New whole grain sourdough bread-baking enthusiast
Hello! I used to bake sourdough from starter when I lived in Albuquerque, New Mexico back in the late '70s -- which is where I met the person who taught me how. After leaving New Mexico I soon forgot just how to make it and never ran into anyone who knew and just forgot about it (and in fact quit eating bread for the most part).
Now I am very excited to have found out how to successfully make sourdough rye (30% rye, 70% whole wheat most of the time) where it comes out better than it did all those years ago. I'm HOOKED...!
I love doing things the old-fashioned way (within reason: not really interested in getting a wood stove for instance!). Last week I attempted a 100% rye pumpernickel loaf old-German style -- the kind that was often referred to as "black bread" and was the bread for the peasants -- where the bread must be baked a minimum of 16 hours (and up to 24 hours). It was a bit of a letdown that it came out terrible (as in rock hard), but that was because I didn't realize how quickly my oven could lose 2-3 gallons of hot water I had in there for steam. I was baking the loaves uncovered as well. Next time -- probably not until the weather is cooler -- I will bake it inside a cast iron dutch oven that will hold in the moisture! Ironically, the bread the aristocracy looked down upon back in the day is now very hard to find except at places catering to the very well-to-do who have come to love the moist, 1/4-inch slices of black bread as a base for hors d'oeuvres, topping it with specialty cheeses and caviar and whatnot.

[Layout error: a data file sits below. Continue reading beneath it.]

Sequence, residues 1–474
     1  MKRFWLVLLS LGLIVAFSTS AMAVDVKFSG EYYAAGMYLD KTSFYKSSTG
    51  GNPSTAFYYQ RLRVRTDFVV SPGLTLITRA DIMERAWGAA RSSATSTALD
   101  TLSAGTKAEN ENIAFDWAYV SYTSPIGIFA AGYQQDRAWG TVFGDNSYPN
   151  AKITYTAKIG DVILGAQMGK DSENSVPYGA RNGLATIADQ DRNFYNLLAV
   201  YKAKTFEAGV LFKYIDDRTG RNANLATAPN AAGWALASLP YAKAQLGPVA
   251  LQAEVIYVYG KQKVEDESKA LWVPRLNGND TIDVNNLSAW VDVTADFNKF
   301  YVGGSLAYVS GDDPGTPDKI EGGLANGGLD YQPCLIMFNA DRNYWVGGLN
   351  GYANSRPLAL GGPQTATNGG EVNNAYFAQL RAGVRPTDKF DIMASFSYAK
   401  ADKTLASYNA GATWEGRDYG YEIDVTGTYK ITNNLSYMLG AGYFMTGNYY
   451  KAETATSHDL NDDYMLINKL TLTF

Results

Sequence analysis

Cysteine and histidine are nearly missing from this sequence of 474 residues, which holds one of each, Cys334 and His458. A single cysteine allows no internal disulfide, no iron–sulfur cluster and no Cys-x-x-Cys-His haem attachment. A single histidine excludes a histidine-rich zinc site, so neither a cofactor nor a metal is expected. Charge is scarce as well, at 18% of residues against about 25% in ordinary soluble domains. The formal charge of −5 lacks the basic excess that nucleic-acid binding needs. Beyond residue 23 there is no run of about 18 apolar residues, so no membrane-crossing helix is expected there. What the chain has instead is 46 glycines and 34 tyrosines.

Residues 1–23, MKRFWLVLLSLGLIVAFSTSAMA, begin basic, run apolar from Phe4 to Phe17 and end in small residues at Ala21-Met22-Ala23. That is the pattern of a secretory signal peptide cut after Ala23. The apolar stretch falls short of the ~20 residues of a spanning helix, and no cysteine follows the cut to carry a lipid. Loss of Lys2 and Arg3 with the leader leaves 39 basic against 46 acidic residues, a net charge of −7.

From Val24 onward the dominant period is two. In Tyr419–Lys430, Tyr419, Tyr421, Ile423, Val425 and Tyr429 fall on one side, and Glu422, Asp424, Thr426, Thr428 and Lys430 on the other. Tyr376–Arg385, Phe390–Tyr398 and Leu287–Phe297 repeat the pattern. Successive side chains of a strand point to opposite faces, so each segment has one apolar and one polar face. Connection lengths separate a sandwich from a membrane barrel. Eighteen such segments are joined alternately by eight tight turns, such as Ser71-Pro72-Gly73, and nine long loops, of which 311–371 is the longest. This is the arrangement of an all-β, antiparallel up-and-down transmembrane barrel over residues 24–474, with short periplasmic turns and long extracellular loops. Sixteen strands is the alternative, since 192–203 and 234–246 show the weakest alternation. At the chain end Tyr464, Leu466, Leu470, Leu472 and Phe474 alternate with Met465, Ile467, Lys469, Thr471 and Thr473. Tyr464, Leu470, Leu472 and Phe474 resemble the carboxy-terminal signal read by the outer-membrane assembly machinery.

I live in Austin, Texas and am beginning to make my own flour -- using my 20-year-old Ktec HP Champ blender (earlier version of what now is called Blendtec). VERY exciting to know that I can keep the whole grains in storage for much longer than flour as well.
And frankly, this has me going a bit fermented over all: Kombucha-Jun combo (using organic jasmine green tea and brown, coconut & cane sugars and honey) is 'brewing' as I type, and soon I plan to make homemade ginger ale and/or ginger (non-alcoholic) beer. Maybe that would be good in a bread recipe at some point, eh?! Some people get dementia as they age. I suspect I am getting fermentia!